The movie is also full of fun Easter eggs, as well as some explanations of what happened in the past, some of which ties in with the Harry Potter series. With this is mind, I'm sure many fans would be ecstatic to see this movie. So what was so wrong with this one?

My son pointed out the biggest issue. It was almost as if the writer(s) went out of their way to keep information from the audience. I'm not sure if this was Rowling's idea or some other co-writers, but it doesn't fit the story telling in any of the other Rowling movies. My son notes one scene in which one character had no reason not to tell the other character important information except to not spoil the later surprises for the audience. "Shh ... I can't tell you because some mysterious audience is watching." This was also a major issue for another visually stunning, epic-filled movie that featured Redmayne a couple of years ago, which didn't do so well.

There were a few characters, even some major ones, that existed, but were never explained. I couldn't remember them from the first movie, nor did I understand who they were related to. Most importantly, I didn't understand their incentives or desires, so I had nothing to latch onto. For example, who was that evil looking lady working in the library? You'll know her when you see her. Who was that lady working with Grindelwald near the beginning of the movie? Who was that who helped Grindelwald escape in the beginning, and what exactly happened in that scene?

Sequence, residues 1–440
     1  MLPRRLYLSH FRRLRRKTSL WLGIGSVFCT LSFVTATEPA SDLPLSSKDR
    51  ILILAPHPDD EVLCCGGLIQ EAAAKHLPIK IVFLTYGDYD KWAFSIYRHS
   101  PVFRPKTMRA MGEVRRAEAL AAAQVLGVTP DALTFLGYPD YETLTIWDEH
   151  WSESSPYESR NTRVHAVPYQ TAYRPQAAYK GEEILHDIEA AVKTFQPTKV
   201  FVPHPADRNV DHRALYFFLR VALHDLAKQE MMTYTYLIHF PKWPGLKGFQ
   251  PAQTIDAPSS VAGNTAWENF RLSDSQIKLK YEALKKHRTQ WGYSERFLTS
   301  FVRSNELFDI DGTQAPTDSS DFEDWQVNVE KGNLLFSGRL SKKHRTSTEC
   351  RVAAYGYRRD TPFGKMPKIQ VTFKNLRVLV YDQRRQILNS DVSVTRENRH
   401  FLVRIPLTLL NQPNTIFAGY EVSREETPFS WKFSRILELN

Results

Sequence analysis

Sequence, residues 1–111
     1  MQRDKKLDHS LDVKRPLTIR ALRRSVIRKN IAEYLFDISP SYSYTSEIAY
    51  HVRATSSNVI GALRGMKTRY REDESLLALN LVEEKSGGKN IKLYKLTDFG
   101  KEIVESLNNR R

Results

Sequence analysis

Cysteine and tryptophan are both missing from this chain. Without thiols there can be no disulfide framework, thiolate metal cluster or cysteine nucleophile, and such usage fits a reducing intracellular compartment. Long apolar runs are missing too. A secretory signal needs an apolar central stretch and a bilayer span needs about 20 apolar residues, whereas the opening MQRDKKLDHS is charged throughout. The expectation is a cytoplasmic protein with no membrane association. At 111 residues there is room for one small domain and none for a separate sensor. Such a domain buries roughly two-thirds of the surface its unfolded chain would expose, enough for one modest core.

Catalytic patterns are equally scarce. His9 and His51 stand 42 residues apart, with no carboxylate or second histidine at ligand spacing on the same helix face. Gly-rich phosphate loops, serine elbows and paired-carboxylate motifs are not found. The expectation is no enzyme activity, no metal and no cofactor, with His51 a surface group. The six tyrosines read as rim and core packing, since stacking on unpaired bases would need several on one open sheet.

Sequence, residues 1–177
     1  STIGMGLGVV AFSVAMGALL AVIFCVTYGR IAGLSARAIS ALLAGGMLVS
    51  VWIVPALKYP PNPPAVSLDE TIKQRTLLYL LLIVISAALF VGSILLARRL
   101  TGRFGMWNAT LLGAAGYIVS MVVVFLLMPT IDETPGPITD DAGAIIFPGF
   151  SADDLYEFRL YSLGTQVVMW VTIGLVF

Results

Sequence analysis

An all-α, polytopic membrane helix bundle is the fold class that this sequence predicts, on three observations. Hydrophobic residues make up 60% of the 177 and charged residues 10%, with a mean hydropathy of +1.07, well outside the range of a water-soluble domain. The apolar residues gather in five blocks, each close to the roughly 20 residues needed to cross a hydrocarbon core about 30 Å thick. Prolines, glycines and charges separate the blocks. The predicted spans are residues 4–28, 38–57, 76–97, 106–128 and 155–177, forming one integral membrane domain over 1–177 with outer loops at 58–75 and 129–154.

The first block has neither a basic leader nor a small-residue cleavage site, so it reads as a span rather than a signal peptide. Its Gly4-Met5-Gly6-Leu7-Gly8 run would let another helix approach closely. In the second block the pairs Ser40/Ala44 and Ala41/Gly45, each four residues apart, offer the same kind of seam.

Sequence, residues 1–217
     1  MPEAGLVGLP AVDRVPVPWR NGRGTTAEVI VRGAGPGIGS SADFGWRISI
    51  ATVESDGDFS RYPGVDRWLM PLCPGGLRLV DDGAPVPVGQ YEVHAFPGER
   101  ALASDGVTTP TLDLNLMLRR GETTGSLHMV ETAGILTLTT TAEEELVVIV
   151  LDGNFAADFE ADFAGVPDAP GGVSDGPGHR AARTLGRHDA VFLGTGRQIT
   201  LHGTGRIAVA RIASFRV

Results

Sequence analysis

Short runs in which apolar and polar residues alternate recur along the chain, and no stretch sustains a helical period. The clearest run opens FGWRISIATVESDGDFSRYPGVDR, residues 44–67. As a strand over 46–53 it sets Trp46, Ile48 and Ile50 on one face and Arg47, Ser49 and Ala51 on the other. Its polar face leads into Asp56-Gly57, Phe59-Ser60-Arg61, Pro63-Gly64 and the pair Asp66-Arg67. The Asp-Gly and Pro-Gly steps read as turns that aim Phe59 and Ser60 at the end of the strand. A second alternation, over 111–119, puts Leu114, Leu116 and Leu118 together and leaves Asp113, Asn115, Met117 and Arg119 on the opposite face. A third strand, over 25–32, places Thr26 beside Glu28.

Also, I think the writers had established that there was a parallel magic world in Paris, but it was confusing as to which scenes were happening in magic land, and which were happening in the real world. And how exactly did the two worlds interact with each other?

And how again was Grindenwald able to get so many followers and why did it take so long for him to escape?

Out of the four of my family who were watching, none of us could figure out what was going on. We tried to piece it all together after the movie, but there were still some questions. I think we figured most of it, but it might take another viewing. The funny thing is, I don't think it would have taken that much editing to make it all work better. I'll most likely continue watching, but it's hard to get very excited about future movies.

Wednesday, November 21, 2018

2018 Checkpoint #5

Here I am again ... another couple of months gone past without any sizable output. Music business ... blah blah ... tired after work ... blah blah ... more excuses. I can forget all of that, because I finally had an epiphany.

The reason why I've stopped writing is because I've placed myself in one of those infinite loop things. I know I need to write, and I have all kinds of ideas in fiction, non-fiction, and rantings, and so on. But most of these tasks happen to be large.

For example, I set aside a little bit of time -- say Monday night -- to write a passionate blog entry, but then it takes forever. I do research. I end up changing and even deleting large sections. Then I edit the final for grammar, flow, and spacing, etc., and when I hit send, three hours have past. Groan!

Then the next day I want to write another story or just about anything, but another three hours? Hmmm ... isn't there something I should be doing with my music business? In other words, I allow myself to burn out. Funny how it's always my fault!